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ADVANCE is a European-wide initiative between industry and academia to lead the future development of high-quality embedded systems in a more cost-effective way. The approach followed by ADVANCE supports the verification and validation of requirements from the very initial stages of system design. Validation of the requirements is supported through simulation against environmental models (i.e. model-in-the-loop validation). The verification results are ensured to be trustworthy and unambiguous due to the use of mathematical-based modelling and proof.
The trend in systems engineering over the past decades has been towards ever increasing complexity, especially when considering the interaction of software components with other systems and physical mechanisms. One example of this is computational systems that are tightly integrated with physical processes, known as cyber-physical systems (e.g. modern automotive systems or robotics) (Lee, 2008). In cyber-physical systems, feedback loops typically exist in both directions, such that computational decisions affect physical elements and vice-versa. The consequence is that the cyber (computational) portion of the system cannot easily be considered – or verified – separately from the physical portion. This raises an important question: are current requirement engineering and verification practices sufficient to provide assurance on cyber-physical systems? The short answer is no; designing cyber-physical systems to high assurance or safety-critical levels with current practices is extremely challenging and prohibitively expensive. This expense will become progressively higher as the complexity increases in future generations of cyber-physical systems, and interaction between these systems becomes commonplace and unavoidable.
Significant improvements in the methods and tools used for requirements and systems engineering are required in order to move forward. The FP7 ADVANCE project (Advanced Design and Verification Environment for Cyber-physical System Engineering) is a European-wide initiative between industry and academia to lead the future development of high-quality cyber-physical systems. The ADVANCE methodology is built upon the open-source RODIN toolset (Abrial et al., 2010). The methods and tools developed in ADVANCE are open to industry. This article details the techniques that are employed in ADVANCE, including the benefits they can provide and where it is seen as appropriate to practice them, as based on our experiences. Figure 1 below provides an overview of how the ADVANCE methodology integrates with requirements engineering practices as set out in the V-Model.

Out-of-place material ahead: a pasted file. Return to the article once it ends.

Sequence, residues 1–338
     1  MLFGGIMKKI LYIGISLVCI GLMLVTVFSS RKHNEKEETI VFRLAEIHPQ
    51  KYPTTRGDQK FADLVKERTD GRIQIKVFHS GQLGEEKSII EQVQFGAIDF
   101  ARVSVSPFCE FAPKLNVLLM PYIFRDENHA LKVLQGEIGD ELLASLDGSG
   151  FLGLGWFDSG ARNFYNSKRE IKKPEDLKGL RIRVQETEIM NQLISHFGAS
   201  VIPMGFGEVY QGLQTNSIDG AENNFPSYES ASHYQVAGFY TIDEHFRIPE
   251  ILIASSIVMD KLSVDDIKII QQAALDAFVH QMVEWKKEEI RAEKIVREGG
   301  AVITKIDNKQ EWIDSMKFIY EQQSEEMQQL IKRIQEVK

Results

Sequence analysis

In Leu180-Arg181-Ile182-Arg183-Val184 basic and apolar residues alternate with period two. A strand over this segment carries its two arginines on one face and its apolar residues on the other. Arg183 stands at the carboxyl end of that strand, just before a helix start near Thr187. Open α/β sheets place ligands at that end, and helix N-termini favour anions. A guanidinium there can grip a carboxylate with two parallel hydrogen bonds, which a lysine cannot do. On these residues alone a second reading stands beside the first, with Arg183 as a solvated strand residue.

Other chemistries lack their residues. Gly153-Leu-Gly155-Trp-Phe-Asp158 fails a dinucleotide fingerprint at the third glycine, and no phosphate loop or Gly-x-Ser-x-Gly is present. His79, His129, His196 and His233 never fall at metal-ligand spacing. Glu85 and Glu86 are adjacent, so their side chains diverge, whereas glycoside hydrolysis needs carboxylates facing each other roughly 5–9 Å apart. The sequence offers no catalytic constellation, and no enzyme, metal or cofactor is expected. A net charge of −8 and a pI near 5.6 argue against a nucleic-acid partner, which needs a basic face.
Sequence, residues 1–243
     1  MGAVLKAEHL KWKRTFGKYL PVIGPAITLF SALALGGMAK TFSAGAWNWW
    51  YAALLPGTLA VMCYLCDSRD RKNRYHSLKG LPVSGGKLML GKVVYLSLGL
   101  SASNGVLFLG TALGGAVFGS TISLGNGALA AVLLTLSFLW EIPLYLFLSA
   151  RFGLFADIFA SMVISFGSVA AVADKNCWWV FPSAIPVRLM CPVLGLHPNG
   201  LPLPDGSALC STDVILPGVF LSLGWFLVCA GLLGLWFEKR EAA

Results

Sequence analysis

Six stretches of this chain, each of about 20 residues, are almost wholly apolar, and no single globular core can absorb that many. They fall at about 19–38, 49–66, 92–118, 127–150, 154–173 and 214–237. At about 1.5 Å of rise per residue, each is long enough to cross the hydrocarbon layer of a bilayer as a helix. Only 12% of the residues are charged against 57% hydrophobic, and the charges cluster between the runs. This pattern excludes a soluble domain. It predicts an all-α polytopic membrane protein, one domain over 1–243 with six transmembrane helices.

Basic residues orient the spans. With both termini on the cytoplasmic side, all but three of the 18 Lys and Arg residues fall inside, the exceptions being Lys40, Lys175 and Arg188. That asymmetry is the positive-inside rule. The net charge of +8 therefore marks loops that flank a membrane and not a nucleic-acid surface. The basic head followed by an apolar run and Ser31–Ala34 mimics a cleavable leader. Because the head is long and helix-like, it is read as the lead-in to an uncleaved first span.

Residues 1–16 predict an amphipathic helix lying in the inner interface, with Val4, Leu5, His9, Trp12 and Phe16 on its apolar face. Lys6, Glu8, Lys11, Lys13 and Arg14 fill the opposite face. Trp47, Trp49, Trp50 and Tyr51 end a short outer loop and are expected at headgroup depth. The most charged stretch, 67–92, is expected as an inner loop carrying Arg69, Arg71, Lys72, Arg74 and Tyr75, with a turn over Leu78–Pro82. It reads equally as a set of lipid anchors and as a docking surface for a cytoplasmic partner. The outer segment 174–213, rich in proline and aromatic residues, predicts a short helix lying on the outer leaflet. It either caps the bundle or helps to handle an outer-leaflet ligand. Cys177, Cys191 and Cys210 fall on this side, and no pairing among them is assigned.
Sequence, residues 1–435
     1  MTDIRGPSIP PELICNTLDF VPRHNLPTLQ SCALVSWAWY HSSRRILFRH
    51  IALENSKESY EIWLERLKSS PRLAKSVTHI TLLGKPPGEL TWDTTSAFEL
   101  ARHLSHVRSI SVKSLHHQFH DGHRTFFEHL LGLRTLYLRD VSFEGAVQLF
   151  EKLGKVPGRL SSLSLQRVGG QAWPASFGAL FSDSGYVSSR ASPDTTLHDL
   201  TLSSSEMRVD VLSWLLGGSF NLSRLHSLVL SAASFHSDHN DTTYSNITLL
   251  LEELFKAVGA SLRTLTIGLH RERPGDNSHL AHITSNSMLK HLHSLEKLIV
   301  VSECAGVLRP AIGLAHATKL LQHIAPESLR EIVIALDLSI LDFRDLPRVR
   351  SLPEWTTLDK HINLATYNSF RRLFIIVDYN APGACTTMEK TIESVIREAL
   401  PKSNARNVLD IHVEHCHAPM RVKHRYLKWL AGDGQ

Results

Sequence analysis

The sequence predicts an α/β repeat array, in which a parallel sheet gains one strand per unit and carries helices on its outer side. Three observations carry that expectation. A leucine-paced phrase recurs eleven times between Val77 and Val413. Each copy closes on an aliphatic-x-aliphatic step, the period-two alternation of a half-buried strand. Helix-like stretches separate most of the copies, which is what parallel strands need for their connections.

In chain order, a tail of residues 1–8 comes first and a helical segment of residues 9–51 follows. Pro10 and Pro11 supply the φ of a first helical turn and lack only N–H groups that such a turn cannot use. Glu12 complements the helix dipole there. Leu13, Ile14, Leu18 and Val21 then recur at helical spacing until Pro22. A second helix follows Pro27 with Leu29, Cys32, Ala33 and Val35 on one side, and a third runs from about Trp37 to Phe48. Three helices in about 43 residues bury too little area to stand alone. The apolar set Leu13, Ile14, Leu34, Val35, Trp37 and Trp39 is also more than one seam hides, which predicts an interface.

To demonstrate the ADVANCE methodology, a case study is first introduced, which is revisited in later sections to illustrate the techniques through a real-world example. This case study focuses on providing assurance on a control algorithm used in low-voltage (LV) power distribution networks.
The control algorithm is situated at the LV transformer; it influences the voltage level on the LV network by changing the coil ratio of the transformer whilst the transformer is energised. It is complemented by a number of sensor units distributed throughout the LV network, which communicate voltage and current readings back to the algorithm to help it calculate the most suitable transformer setting.
The cyber portions of the system are composed of the control algorithm, the sensor units, and the communication network in-between. The physical portion of the system consists of the LV distribution network, which includes the transformer, individual consumer power demands, and input from consumer photovoltaic generation. There are feedback loops in both directions between the cyber and physical elements; the control algorithm has to be reactive to fluctuating voltages from variations in aggregated consumer demand and photovoltaic input, and the setting it chooses for the transformer will have a knock-on effect on the voltage levels within the network.
One of the main requirements of the control algorithm is that it should maintain the voltage within regulated limits at all consumer points of connection. It should be clear that in order to verify this, it is imperative to consider the behaviour of the physical portion of the system and its interaction with the computational elements.
The ADVANCE methodology is a holistic approach to systems engineering that not only provides guidance for applying formal methods and simulation to systems engineering, from requirements analysis through to the final software product, but also guides safety analysis. In this article, the focus is on the application of the ADVANCE methodology and tools to the requirements engineering phase of the project, but in general, the methodology is also applicable to the system design and software development.